The grace of the Guru, as I have seen it manifest has got nothing to do with magic, materialisation or money. It is a transformation of the inner being… I have had to face my shadow – there is no running away from it – the Guru does not molly coddle you into complacency… but the Guru does not walk the journey for you either – you have to do it yourself. My experience with Sai Baba has been anything but what you describe here, and I thought I would share that.

    Peace and love.

  20. steven gouws says:

    dear author, i appreciate your strong feelings of needing to protect and make the vulnerable newbie spiritual seekers aware of the pitfalls on the path, as there are many. This is very much needed and personally i thank you for this. i do feel that however if you have never been in the presence of Sai Baba as any follower will attest too, and felt the waves of pure divine love flowing from the man like an overwhelming river of cleansing upliftment and deep divine love, as strong as any physical force, then your right to criticize is somewhat diminished of it's true nature by true experience ( filtered or not).JUDGEMENT in any form is not positive practice, esp when all you will do is invoke a neg response from millions of devotees, as an non added value to the collective consciousness, one needs to consider these things, if your true intent is for positive effect. if so diff wording and communication is needed. To all who have posted here, attacking anothers blindspot or weakness, is attacking, how would unconditional love have treated the others failing( from your point of view, and remember it is your point of view – as is this mine), with healing and love and a feeling for their growth through your best effort to positively contribute to a way of helping to enlighten them, even if they don't agree or accept this. Think of a wound on your body – do you shout at it for giving you pain, or do you treat it as best you can for it to heal. WE ARE ALL ONE , HOW SHALL WE TREAT OUR WOUNDS, WITH ANGER OR WITH LOVE……….. I wish you all love on your path to the moment of your reconnection to the divine source of all pervading love ..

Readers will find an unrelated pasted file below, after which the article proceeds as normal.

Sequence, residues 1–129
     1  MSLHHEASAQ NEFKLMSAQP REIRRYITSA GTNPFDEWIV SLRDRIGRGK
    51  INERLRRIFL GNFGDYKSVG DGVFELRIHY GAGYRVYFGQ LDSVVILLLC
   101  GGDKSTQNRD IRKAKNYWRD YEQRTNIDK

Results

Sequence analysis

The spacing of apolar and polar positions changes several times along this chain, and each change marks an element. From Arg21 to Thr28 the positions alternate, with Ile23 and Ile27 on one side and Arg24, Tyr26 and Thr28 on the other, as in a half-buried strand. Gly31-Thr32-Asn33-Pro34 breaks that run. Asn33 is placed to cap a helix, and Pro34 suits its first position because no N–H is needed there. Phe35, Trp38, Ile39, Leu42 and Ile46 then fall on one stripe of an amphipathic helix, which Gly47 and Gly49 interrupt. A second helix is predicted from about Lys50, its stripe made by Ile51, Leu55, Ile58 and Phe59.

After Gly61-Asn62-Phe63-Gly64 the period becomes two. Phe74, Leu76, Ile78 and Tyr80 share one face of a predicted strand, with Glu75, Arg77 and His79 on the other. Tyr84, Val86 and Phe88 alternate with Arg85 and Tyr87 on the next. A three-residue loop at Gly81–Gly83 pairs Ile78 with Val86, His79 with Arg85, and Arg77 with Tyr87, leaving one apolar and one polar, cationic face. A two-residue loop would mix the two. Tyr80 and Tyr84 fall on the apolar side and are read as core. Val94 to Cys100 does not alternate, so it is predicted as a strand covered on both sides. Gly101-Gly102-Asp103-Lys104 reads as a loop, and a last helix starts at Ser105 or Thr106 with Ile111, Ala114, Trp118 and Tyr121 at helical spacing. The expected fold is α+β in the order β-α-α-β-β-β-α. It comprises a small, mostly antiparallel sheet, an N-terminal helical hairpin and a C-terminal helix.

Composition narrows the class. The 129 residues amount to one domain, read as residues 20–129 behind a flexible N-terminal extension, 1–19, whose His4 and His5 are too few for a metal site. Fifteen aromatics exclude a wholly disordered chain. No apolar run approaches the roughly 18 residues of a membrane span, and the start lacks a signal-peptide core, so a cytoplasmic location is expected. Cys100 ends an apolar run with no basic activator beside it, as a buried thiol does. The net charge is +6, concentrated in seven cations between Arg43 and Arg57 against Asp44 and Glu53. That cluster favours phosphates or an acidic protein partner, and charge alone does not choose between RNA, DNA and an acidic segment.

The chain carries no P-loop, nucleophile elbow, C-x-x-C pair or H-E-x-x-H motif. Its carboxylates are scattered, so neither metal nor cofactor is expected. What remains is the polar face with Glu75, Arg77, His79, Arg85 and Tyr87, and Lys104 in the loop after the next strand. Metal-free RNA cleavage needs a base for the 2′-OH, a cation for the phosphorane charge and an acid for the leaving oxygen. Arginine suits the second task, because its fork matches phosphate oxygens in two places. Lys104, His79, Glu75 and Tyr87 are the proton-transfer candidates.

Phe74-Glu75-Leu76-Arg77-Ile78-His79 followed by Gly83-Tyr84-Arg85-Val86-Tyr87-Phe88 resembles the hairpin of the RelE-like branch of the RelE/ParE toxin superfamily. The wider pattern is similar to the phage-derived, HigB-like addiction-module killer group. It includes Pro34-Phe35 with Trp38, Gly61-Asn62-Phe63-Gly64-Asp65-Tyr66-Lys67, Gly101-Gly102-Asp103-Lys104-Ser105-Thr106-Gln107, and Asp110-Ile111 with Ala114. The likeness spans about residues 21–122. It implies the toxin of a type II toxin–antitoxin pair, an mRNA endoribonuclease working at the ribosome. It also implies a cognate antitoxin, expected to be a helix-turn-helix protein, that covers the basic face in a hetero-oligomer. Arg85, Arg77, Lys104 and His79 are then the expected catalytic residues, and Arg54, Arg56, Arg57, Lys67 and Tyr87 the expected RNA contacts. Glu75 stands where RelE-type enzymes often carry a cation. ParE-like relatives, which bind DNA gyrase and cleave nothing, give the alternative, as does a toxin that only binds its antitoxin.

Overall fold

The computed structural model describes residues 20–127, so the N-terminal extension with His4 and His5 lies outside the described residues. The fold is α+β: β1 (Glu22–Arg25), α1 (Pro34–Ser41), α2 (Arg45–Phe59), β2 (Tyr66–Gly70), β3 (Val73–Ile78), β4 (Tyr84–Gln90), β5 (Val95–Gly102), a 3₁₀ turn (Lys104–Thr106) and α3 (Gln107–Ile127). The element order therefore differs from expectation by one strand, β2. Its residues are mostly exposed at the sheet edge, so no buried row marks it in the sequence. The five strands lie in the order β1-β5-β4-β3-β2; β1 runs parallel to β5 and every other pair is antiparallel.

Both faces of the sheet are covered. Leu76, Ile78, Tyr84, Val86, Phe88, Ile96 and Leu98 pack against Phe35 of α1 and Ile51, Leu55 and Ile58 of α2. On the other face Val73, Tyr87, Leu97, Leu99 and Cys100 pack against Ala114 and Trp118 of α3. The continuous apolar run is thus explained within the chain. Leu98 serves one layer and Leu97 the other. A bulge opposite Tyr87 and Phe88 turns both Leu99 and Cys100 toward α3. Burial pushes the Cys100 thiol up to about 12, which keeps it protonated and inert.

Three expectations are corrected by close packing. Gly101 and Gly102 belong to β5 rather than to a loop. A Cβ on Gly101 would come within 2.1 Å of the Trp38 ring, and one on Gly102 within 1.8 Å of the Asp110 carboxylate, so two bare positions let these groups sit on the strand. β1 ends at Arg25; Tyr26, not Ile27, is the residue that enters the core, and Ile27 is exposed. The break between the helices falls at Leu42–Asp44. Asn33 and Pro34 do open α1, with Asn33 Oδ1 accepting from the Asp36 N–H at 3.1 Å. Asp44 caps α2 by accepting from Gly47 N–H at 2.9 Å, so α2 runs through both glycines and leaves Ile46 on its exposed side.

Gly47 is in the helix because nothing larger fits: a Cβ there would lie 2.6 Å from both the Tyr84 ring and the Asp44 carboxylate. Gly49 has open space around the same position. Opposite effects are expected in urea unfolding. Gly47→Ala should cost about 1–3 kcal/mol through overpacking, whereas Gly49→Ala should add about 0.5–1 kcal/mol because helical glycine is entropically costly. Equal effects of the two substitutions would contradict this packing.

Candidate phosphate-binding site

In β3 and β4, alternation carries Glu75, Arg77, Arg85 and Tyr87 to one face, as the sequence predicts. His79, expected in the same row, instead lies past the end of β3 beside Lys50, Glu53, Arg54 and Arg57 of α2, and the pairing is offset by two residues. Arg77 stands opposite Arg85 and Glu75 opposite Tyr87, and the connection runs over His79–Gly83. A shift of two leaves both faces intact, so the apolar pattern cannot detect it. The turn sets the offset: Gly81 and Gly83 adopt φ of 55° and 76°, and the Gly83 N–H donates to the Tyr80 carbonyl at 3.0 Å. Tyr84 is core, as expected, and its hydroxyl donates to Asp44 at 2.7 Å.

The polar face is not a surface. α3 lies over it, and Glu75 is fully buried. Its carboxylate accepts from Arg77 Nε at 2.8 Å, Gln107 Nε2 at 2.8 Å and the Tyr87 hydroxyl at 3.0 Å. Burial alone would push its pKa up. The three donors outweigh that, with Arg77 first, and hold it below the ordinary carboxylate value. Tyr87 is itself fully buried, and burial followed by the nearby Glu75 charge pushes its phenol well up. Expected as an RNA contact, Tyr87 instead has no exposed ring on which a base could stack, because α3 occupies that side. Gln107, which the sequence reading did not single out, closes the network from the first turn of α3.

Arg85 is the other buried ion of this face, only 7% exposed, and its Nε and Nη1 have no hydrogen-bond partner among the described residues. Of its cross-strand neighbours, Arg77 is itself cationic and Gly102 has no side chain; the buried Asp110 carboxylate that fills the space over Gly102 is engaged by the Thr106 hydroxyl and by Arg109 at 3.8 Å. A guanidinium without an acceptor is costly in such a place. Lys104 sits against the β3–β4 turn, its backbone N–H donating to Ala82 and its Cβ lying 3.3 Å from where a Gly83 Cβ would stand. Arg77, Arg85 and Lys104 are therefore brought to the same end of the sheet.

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  24. Good article. And good answer to a commenter with the depth of a summer rain puddle. I am sick to death of people who, when you speak some truth, start blurting out bullshit like "anger issues" and "a chip on your shoulder." Meanwhile, this flake in saffron collected $9bn and was into pedophilia. Sick f#*@

  25. Dr. O. P. Sudrania says:

    Hi Julian,

    Enjoyed reading. Sometimes orthe other a change of taste tells you the taste of your pudding, "How good a cook you are. You certainly are but must get to your neighbour to try his also to discover the difference. When you are a Yoga teacher, I hope you save yourself the trouble of loosing track.

    However, I don't know your dimension, but if you are calling Yoga to Asanas only, then it might help yourself a refresher course. Yoga is far beyond the Asanas. Keep it but do help your own "Self" before it gets rid of our own "Self" without realising it.

  26. […] Sai Baba’s $9B estate and career long preoccupation with molesting young boys in between doing dime store […]

  27. […] Along these lines, some gurus claim to be “avatars” or manifestations of deities come down to earth from the celestial realms. The idea of an avatar has also been popularized as meaning a “world teacher” sent to enlighten us or as “god on earth” as in the case of someone like Sai Baba. […]

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  29. […] The death last year of perhaps the world’s most famous guru, Sai Baba. He called himself a god-man, proved it by doing cheap magic tricks that were exposed by running […]

  30. Ronnie Chanderjith says:

    Hi Julian Walker

    Thank you for your opinion. But it begs the question what have u done for humanity.

    Have u built free hospitals 4 the sick?
    Have u built free schools 4 the poor?
    Have u fed the poor throught the world?
    Have u provided millions with clean drinking water?
    Have u spread your love and given people hope and comfort throughout the world?
    I could go on. If the answer to any of these questions is NO then in your quiet moments reflect on your actions to bring harm to an individual who has given so much to humanity. I prey that Swami removes the darkness within u and fill u light.
    Ronnie Chanderjith

  31. robertpriddy says: